Effects of a Preschool Intervention Using Nature-based Activities on Children’s Self – Efficacy and Preferences for Outdoor Activity: How Activity Preferences Relates to Childhood Body Mass Index

Faculty Mentor(s)

Dr. Sonja Trent-Brown, Hope College
Dr. Paulette Chaponniere, Hope College
Professor Vicki Voskuil, Hope College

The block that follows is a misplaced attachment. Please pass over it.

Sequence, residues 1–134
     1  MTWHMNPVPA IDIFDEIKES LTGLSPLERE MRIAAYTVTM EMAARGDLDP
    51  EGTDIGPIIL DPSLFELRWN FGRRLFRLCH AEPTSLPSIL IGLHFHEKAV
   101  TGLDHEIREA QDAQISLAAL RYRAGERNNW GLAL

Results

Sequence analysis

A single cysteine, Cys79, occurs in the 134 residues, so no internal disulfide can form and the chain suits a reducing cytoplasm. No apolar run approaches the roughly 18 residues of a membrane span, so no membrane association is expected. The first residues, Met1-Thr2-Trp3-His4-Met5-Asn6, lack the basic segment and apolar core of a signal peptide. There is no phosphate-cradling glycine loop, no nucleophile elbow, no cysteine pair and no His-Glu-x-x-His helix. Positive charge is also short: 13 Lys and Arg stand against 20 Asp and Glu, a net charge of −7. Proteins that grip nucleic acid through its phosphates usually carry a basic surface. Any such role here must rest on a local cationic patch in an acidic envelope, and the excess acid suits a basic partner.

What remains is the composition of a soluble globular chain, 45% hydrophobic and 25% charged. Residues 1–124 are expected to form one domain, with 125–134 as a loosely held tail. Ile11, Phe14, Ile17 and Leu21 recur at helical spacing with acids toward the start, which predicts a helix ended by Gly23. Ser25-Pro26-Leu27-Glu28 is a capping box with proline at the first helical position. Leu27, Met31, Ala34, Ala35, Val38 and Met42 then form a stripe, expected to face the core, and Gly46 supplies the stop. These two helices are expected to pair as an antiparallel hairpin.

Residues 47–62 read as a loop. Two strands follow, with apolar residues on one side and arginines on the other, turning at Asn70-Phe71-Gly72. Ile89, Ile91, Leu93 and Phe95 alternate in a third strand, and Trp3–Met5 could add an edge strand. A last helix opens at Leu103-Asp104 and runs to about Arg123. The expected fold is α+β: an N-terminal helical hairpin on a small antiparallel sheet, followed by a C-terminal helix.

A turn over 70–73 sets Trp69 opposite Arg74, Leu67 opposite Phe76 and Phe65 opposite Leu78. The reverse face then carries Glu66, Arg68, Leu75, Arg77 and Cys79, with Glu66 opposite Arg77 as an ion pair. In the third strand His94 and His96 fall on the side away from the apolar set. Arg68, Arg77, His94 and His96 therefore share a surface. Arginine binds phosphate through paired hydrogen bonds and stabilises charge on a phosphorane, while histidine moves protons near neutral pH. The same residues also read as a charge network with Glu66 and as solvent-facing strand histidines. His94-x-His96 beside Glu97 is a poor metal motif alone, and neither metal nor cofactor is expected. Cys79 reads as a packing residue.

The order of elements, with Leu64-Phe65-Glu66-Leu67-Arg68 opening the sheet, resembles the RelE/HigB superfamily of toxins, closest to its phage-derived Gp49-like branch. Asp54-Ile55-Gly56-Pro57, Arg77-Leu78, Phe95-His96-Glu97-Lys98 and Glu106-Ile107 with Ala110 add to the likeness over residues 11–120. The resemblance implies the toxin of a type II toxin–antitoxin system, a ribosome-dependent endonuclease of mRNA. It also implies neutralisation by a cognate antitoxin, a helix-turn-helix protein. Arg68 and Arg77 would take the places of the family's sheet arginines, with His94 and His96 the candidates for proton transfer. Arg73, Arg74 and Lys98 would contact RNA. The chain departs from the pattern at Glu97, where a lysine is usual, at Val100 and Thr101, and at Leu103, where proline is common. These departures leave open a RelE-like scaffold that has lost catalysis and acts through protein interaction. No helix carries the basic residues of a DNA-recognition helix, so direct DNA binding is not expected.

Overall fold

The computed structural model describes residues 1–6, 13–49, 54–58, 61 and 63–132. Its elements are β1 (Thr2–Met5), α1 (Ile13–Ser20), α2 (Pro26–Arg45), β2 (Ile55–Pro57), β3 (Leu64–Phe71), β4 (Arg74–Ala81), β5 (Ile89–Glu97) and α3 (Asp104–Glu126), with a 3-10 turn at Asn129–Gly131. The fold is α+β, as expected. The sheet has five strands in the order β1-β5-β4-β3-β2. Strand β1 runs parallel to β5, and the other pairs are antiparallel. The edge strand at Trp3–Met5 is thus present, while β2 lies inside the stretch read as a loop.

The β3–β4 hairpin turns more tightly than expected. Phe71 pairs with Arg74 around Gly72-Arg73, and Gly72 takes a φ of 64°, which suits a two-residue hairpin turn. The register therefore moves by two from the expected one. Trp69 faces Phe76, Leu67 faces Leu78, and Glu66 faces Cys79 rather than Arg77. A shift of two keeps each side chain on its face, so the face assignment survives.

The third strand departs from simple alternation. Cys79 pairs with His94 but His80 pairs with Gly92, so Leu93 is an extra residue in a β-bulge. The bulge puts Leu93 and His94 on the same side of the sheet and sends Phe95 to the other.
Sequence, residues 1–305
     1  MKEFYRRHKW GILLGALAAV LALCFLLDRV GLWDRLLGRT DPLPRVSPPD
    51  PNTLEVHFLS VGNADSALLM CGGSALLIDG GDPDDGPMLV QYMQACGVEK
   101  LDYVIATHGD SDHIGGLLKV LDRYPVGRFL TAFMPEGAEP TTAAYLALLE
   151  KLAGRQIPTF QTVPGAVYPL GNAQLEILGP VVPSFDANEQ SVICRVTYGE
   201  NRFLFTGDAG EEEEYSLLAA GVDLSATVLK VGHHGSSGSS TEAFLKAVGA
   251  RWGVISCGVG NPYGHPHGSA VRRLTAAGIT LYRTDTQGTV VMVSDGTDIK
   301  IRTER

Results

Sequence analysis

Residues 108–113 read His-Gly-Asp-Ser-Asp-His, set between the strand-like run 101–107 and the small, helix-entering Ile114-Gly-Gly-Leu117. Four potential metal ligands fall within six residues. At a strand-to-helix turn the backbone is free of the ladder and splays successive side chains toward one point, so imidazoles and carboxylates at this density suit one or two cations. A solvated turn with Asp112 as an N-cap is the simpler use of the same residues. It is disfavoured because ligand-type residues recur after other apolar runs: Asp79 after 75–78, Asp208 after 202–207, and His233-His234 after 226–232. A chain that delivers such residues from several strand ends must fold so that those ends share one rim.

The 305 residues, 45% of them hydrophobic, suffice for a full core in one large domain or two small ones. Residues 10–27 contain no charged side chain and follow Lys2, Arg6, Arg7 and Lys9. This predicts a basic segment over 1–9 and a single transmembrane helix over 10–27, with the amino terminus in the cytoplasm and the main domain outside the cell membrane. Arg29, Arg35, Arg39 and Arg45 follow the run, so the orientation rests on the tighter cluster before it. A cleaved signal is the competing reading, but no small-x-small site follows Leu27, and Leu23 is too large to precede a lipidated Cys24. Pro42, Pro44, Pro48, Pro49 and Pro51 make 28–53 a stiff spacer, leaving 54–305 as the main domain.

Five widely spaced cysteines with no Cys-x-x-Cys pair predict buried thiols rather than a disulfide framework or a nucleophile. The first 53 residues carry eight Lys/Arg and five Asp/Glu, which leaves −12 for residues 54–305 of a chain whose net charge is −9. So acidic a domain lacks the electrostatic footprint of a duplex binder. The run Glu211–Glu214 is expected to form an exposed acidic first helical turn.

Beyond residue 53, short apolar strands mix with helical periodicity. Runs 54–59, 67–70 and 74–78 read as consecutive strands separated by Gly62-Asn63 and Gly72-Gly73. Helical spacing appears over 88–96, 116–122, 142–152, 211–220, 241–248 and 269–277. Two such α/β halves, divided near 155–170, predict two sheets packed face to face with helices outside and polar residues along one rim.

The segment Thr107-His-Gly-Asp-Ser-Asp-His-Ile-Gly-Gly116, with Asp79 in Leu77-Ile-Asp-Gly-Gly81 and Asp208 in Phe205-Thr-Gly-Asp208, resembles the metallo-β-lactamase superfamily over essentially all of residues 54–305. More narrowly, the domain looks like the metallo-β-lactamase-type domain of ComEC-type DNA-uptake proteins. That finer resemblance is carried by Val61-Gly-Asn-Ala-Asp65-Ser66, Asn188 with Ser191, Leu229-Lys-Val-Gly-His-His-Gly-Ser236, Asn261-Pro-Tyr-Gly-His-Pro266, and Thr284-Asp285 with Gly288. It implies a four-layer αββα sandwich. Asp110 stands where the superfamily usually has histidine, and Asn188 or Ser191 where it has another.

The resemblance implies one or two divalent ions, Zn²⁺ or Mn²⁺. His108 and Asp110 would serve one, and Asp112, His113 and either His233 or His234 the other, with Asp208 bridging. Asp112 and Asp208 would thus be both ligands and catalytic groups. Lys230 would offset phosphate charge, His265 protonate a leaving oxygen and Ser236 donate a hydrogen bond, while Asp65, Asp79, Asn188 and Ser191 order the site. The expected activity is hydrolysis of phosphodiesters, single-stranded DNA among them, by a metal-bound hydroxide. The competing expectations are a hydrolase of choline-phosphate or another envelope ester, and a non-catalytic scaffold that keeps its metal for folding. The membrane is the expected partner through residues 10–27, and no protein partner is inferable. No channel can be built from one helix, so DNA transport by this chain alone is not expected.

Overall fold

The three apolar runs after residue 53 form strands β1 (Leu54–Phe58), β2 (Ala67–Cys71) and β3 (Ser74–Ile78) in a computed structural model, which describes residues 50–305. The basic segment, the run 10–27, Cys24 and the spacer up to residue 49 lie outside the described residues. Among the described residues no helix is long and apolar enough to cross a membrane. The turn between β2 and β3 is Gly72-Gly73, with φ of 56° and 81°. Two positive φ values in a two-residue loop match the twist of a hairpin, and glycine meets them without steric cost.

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Childhood obesity has become a growing problem in the United States. According to the Center for Disease Control, obesity rates for children ages 6-11 have increased. This problem may lead to other health complications that could threaten the overall quality of life of young individuals. The major concern of this epidemic is what can be done to promote better lifestyle habits. This controlled study (N=155) examined preschool aged children (ages 3-5) and the relationship between activity preference (outdoor vs. indoor) and Body Mass Index (BMI). The comparison is designed to determine whether preference for indoor or outdoor activity correlates with Body Mass Index. The body mass index will be reported as normal, overweight, or obese by percentiles for age. Pender’s (1987) Health Promotion Model provided the framework for this study. Data was collected at preschools in the Holland/Zeeland, Michigan area by measuring height, and weight of children, as well as administering a modified version of Janie Leary’s (2008) Activity Preference instrument and adapted by Trent-Brown et al. (2010). Statistical analysis included multivariate analysis of variance and bi-variate correlational analysis. Results showed significant relationships between increased activity preference and height (p=.029), as well as trending for weight (p=.054). Other findings that showed trends were that between women and increased BMI (p=.062). Limitations of the study include language barriers, regional specificity due to examining a small geographical area, and child understanding of the testing procedures. Results show that increased physical activity should be encouraged in smaller children as well as young girls.

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